Afflicted by a strange unpatriotic spirit, this garrulous few have turned the heat on NIRSAL. Their intendment, obviously, is to maliciously malign the agency and impugn the integrity of its Managing Director/CEO, Aliyu Abdulhameed. Subtly deploying some elements in the media space, they have in recent time launched an articulated attack on the agency and its drivers in a manner intended to rubbish the brilliant feat the Buhari government has achieved these past recent years.
However, some of these critics may be excused. They act on a wrong premise of their misunderstanding of the status of NIRSAL. They figure that it’s yet another loan-granting institution for agribusiness. It’s not. Instead, it holds a $500 million capital obtained through debenture which is fully subscribed to by the CBN. It uses such capital to de-risk loans farmers get from banks. In other words, when a farmer obtains a loan from a bank, NIRSAL stands behind to reduce the risk on such loan for both the loaner and loanee; more like a guarantor than a loaner.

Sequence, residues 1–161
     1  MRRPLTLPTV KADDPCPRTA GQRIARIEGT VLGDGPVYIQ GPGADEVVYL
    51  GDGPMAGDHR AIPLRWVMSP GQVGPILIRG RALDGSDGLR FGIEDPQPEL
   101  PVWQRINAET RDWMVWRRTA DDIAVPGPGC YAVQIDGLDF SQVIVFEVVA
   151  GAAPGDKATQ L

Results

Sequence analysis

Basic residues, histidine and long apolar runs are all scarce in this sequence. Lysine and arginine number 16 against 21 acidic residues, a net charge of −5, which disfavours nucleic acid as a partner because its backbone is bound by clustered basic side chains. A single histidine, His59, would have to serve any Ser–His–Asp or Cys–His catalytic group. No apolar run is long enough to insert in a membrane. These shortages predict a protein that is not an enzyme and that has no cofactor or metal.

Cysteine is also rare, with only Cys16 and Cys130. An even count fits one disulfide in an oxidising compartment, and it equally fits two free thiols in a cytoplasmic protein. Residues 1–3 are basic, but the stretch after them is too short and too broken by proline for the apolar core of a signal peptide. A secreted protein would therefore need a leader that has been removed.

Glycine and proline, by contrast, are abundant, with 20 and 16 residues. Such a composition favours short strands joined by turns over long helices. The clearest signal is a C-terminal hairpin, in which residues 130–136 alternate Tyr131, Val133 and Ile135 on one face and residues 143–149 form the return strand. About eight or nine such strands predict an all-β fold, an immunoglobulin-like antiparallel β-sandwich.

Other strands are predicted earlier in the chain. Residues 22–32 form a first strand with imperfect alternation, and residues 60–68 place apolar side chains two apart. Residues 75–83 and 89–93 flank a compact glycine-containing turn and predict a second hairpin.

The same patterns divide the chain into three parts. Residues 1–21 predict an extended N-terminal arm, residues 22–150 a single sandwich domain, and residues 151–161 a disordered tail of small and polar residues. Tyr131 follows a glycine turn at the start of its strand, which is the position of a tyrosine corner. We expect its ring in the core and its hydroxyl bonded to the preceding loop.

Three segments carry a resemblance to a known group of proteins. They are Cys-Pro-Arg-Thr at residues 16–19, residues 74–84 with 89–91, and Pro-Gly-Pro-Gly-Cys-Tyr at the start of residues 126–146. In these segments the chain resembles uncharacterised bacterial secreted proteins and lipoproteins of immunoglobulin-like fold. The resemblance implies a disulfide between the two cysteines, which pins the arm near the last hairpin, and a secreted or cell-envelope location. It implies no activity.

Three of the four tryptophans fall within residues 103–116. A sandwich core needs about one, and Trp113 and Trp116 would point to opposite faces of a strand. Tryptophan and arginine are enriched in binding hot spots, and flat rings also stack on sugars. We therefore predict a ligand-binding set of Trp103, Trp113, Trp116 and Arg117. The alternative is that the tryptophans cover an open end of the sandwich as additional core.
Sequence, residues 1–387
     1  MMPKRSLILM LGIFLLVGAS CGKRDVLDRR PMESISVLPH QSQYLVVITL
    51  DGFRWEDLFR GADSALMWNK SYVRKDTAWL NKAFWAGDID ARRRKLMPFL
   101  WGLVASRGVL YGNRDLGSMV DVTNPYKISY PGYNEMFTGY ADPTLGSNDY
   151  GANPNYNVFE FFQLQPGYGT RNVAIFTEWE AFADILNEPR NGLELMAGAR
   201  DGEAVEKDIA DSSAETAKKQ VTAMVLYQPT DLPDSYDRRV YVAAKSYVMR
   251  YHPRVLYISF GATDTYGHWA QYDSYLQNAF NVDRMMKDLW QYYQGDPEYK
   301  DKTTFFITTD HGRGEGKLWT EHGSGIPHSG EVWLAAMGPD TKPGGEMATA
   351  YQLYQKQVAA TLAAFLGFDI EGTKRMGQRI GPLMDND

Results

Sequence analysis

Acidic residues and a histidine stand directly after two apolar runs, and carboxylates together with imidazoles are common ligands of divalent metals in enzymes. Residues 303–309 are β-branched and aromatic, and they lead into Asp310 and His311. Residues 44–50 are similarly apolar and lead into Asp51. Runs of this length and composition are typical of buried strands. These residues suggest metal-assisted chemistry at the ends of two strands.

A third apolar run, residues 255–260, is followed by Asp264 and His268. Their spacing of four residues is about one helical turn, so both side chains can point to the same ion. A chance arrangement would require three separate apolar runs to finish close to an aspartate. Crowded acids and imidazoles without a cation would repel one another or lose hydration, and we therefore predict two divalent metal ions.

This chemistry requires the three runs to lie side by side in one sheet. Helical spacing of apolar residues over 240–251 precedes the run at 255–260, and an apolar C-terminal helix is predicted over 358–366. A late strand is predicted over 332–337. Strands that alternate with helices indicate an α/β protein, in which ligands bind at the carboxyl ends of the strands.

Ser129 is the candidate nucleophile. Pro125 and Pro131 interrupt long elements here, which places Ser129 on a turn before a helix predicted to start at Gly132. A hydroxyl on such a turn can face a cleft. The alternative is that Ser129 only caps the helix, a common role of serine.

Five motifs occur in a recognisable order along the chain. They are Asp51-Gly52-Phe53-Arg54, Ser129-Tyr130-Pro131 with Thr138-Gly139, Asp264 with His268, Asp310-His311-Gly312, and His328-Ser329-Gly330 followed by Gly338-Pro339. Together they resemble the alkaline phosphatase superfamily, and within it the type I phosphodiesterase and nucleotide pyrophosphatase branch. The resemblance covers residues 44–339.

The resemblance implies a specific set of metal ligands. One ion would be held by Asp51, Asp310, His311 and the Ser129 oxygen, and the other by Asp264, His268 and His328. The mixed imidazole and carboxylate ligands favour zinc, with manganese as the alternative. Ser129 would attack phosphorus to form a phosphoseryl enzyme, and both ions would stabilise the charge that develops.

But no matter, it’s hard, almost impossible, to obliterate the landmarks and strides achieved by NIRSAL as it rallies to deepen agribusiness in the country. Even the sworn enemies of the Buhari government cannot deny the impact of NIRSAL in rapidly boosting agribusiness. Except, they are playing politics. But no sane mind would play politics with agriculture. It’s the pathway to food security, source of raw materials for the primary sector and a defining emblem of the sovereignty of the nation.